'Colonel Roosevelt': Edmund Morris' superb account of Teddy Roosevelt's final, feisty years
"Colonel Roosevelt," the third volume of Edmund Morris' trilogy about Teddy Roosevelt, is as good as the Pulitzer Prize-winning first volume. It picks up after Roosevelt leaves his second term as president.
Special to The Seattle Times
Edmund MorrisThe author of "Colonel Roosevelt" will discuss his book at 7 p.m. Jan. 26 at the Central Branch of the Seattle Public Library; free (206-386-4636 or www.spl.org). Co-presented by University Book Store (206-634-3400 or www.ubookstore.com).
by Edmund Morris
Random House, 570 pp., $35
Theodore Roosevelt assumed the presidency after his predecessor was cut down by an assassin's bullet on Sept. 21, 1901. Over the next eight years, he towered over the political landscape, built an American empire, and through sheer force of personality bent the political world to his will. He was enormously popular, re-elected in a landslide in 1904, but refused to run for a third term.
Roosevelt left office at 50, turning over the reins of power to his chosen successor, William Howard Taft, and left the United States for an extended African safari, flashing his famous white-toothed smile as he departed.
The third of Edmund Morris' three-volume biography of Roosevelt's life, "Colonel Roosevelt" picks up where the second volume, "Theodore Rex," left off. Morris won the Pulitzer Prize for the first volume and critical acclaim for the second. Sequels are rarely the equal of their predecessors, but this hefty 570-page volume is the exception to prove the rule: It is a superbly written tribute, part of a trilogy that will stand as the definitive Roosevelt biography.
Roosevelt plunged into the African wilderness with a charter to collect specimens of African game. Treated like royalty, he preferred life in the wilderness, stalking lions, elephants, giraffes and hundreds of other examples of African wildlife. He was a hunter, to be sure, but a trained naturalist as well, preaching conservation in the same breath as boasting of his latest kill.
Upon his return, Roosevelt did his best to contain his dismay at the failure of President Taft to continue his progressive policies. The corpulent Taft watched, equally dismayed, when Roosevelt — silent no longer — mounted a primary challenge to his renomination. With competing slates of delegates, the 1912 Republican National Convention became a dramatic showdown, with Taft outmaneuvering Roosevelt to win the nomination. Roosevelt promptly bolted, established the Progressive Party, and ran an aggressive presidential campaign.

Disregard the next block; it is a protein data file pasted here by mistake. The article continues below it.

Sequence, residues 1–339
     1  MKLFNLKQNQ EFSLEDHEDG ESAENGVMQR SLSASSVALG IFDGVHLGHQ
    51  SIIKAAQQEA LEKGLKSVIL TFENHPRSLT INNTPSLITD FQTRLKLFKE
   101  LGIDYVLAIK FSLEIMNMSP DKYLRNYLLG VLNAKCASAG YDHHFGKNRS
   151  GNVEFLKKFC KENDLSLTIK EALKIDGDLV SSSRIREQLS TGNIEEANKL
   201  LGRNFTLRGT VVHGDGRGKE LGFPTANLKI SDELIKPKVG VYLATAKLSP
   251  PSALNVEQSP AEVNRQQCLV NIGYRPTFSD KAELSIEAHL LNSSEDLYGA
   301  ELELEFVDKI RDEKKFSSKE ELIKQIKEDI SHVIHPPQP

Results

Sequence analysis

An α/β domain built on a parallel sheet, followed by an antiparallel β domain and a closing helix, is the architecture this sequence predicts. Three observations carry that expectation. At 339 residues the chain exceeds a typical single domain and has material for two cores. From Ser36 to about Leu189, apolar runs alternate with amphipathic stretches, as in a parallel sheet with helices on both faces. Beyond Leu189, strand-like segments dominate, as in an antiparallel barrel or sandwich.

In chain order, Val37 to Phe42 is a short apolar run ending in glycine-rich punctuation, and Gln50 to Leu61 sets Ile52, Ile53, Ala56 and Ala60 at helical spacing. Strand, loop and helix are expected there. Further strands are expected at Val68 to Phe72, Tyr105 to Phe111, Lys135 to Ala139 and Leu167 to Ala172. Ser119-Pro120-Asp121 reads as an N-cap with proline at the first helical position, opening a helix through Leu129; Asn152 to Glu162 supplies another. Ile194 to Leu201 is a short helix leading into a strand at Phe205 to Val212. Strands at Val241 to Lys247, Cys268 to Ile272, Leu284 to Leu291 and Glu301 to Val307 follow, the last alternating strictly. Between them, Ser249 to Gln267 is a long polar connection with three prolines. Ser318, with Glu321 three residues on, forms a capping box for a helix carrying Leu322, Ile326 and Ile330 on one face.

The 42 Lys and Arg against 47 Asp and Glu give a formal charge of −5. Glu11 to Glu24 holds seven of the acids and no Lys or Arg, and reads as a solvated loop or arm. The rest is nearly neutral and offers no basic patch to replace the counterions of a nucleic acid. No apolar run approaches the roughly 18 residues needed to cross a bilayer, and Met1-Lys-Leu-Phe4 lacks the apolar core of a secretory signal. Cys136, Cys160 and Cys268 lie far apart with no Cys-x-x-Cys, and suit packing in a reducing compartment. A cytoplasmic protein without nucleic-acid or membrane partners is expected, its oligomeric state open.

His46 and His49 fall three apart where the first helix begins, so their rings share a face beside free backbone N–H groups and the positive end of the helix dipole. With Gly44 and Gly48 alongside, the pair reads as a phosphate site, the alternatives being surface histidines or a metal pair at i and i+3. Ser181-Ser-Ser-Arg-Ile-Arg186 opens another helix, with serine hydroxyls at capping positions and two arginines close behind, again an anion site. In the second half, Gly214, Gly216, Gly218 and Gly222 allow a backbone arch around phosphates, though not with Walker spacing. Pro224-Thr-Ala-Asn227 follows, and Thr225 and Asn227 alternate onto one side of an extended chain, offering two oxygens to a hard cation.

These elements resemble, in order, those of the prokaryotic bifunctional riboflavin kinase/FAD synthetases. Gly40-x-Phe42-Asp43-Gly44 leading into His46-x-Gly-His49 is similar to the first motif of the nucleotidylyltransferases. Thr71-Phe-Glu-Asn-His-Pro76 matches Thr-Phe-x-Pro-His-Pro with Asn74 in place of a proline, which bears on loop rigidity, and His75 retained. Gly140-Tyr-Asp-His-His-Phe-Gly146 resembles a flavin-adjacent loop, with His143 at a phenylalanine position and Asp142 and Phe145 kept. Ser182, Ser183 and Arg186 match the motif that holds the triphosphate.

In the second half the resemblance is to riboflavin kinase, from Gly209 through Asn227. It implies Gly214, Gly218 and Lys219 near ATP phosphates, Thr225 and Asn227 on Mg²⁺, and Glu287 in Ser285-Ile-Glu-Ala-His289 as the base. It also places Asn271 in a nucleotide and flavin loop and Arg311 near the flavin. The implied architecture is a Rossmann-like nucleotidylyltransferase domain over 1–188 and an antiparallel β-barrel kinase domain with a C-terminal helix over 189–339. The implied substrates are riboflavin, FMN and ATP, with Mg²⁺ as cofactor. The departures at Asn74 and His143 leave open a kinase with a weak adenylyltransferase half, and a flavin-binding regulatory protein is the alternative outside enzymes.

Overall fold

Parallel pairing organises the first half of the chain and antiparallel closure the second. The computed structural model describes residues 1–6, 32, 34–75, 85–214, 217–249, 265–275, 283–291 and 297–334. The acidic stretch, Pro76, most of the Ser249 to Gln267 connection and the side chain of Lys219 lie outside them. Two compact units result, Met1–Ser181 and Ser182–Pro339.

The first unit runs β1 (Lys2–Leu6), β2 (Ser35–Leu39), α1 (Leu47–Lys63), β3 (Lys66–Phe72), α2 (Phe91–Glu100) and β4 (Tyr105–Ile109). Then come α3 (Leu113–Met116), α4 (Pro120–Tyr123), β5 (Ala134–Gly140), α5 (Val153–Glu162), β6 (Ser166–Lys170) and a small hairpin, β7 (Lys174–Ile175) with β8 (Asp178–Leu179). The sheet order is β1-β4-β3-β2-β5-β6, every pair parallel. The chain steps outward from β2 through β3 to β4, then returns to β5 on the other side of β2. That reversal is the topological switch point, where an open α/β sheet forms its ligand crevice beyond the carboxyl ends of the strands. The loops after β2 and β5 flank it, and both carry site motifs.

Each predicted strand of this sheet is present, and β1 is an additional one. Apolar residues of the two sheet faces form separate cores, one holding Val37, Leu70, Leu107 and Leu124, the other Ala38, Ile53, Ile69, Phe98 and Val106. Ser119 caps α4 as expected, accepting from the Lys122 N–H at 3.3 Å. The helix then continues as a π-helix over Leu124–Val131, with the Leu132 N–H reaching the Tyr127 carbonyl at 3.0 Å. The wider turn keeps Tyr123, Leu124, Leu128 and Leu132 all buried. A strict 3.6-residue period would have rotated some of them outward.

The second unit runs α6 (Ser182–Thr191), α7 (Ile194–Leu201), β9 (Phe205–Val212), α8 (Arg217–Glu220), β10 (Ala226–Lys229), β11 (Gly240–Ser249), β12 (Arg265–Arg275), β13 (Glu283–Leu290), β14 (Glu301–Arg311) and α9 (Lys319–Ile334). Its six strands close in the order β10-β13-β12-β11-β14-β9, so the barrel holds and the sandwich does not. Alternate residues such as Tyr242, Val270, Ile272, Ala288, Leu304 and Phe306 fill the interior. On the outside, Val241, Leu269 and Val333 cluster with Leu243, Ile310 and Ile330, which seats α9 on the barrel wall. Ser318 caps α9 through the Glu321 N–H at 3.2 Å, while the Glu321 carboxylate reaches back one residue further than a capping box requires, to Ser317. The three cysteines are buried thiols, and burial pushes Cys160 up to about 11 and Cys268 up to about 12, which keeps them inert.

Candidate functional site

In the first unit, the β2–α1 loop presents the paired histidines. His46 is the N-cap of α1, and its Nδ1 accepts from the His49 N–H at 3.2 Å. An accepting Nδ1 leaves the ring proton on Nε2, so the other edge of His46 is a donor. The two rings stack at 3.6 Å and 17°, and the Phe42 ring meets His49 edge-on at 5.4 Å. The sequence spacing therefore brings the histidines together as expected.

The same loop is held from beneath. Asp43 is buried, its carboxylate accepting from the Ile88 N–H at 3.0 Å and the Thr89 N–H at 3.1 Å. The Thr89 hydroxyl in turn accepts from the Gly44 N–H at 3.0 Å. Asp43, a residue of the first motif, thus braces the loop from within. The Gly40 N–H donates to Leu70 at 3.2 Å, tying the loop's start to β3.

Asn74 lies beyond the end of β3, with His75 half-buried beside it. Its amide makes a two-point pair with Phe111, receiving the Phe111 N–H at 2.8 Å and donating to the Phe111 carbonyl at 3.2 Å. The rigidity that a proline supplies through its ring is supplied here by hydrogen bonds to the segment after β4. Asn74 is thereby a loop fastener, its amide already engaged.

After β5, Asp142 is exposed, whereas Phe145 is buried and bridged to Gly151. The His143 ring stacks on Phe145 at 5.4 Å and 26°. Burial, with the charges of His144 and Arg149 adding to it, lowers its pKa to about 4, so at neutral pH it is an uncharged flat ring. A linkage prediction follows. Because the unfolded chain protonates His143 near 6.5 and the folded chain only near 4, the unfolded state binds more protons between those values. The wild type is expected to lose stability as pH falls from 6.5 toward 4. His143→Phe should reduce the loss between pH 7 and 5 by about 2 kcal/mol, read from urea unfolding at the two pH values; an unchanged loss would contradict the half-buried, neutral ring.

On Oct. 14, 1912, John Scrank, a deranged young man, shot Roosevelt in the chest in Milwaukee, Wis. The bullet was slowed as it pierced Roosevelt's overcoat, suit jacket, a steel-reinforced glasses case and the thick text of his speech, before entering his chest and coming to rest beside his ribs. With blood spreading across his white shirt, he insisted he was strong as a "Bull Moose" and delivered his 90-minute speech before allowing himself to be taken to a hospital. Although he recovered, the election was a rout and Democrat Woodrow Wilson was swept into office.
Roosevelt watched with increasing alarm as the world inched closer to war. When World War I exploded, he urgently called for American intervention. He watched, astonished, as German U-boats sank American ships loaded with men, women and children, even as Wilson coolly refused to take action, instead maintaining studied neutrality. To Roosevelt, who embraced action, not words, this was little more than "mollycoddling," "pussy footing," if not outright cowardice.
When it could no longer be avoided, Wilson obtained a declaration of war, which prompted urgent demands from Roosevelt that he be allowed to raise and lead a volunteer regiment to fight. His offer was politely declined, but Roosevelt's four sons went through military training. One of them was killed in France, and two of them wounded.
Roosevelt's boyish energy ebbed as the years slipped past and the world became increasingly unfamiliar. As he put it in a letter, "when it is evident that a leader's day is past, the one service he can render is to step aside and leave the ground for the development of a successor." He died on Jan. 6, 1919, at 60, one of the most interesting, colorful and dazzling presidents in American history.
Kevin J. Hamilton is a Seattle lawyer
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